| Sujal Parikh|| 2010, Kampala, Uganda|
Sujal Parikh Wikipedia
Sujal M. Parikh (1985–2010) was an American global health advocate, University of Michigan medical student, and an NIH-Fogarty Clinical Research Scholar. His research and advocacy efforts focused on access to medicines in developing countries, health and human rights. He died of injuries from a motorcycle taxi accident in Uganda in 2010. An annual symposium at the University of Michigan honors his life's work.
Sujal served as Associated Editor-in-Chief of the American Medical Student Association's Global Pulse journal, on the Student Advisory Committee of the Global Health Education Consortium, on the AIDS Advocacy Network Steering Committee of the American Medical Student Association, on the University of Michigan Center for Global Health's Internal Advisory Council, on the Board of Trustees of the Uganda Village Project, and as chapter leader of the University of Michigan's chapter of Universities Allied for Essential Medicines.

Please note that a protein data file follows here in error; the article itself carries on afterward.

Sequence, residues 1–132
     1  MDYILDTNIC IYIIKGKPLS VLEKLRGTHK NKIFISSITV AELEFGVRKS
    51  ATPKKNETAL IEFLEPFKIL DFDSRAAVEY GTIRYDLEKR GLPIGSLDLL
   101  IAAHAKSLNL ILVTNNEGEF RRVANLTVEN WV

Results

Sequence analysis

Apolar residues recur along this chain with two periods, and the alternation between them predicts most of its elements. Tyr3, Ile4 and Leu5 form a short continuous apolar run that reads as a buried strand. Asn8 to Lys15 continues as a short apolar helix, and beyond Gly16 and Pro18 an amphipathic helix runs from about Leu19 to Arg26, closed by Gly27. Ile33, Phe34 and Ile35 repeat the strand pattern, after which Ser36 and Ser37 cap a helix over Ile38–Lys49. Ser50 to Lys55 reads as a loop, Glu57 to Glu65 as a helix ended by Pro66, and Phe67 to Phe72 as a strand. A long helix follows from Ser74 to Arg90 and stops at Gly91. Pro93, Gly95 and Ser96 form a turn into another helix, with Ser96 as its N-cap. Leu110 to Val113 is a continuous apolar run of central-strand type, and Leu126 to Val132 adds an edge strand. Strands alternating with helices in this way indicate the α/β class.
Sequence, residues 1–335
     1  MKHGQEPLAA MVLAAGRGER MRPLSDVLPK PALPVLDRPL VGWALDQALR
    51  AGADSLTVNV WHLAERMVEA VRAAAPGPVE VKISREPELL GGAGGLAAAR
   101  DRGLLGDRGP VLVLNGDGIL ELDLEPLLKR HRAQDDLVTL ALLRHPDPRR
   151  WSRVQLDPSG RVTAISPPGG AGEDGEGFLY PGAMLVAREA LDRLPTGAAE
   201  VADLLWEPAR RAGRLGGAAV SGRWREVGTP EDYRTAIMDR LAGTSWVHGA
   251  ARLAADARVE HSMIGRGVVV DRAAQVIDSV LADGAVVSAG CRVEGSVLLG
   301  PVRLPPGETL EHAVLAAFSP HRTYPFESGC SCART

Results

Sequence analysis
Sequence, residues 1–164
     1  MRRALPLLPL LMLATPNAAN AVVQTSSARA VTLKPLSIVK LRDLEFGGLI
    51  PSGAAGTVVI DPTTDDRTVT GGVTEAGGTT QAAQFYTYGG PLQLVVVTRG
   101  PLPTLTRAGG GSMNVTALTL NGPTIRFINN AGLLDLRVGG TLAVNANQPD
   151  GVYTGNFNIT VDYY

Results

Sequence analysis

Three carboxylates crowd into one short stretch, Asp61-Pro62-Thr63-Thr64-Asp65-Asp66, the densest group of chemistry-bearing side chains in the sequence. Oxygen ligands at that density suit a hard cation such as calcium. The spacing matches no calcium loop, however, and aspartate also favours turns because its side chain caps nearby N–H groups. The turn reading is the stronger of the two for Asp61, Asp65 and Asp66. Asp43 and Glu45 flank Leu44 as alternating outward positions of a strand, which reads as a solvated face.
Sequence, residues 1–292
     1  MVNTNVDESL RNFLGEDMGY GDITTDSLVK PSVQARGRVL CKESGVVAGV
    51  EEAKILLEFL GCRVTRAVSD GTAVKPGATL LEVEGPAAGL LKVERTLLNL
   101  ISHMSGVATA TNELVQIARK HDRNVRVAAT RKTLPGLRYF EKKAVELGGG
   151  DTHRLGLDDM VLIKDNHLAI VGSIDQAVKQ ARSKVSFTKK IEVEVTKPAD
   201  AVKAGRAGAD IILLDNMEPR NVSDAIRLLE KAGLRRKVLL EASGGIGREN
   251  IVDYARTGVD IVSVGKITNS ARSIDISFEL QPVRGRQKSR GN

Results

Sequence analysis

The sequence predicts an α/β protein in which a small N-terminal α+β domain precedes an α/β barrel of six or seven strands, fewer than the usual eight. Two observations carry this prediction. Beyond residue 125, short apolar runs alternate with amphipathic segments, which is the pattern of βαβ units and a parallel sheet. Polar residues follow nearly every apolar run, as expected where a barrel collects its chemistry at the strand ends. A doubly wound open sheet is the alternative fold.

Sujal's scholarly work on health and human rights addressed cluster munitions and the death penalty. Sujal's work in global health education addressed new technologies, ethics and professionalism, and access to scholarly research.
As an NIH-Fogarty Clinical Research Scholar, Sujal's research in Uganda focused on psycho-social rehabilitation of children affected by HIV/AIDS and clinician knowledge of aging and HIV.
In 2009, Sujal received the Emerging Leader Award from Physicians for Human Rights.
In 2010, Sujal was appointed to the Student Advisory Board of Physicians for Human Rights, and inspired many young physicians with a rousing speech at their annual conference.
In 2011, Sujal posthumously received the prestigious Navin Narayan Award for his lifetime achievement in health and human rights from Physicians for Human Rights. Upon receiving his medical diploma posthumously, he also received the University of Michigan's Patrick John Niland Award from the University of Michigan.
In 2012, Sujal was honored by the Texas Legislature for his commitment to health and human rights.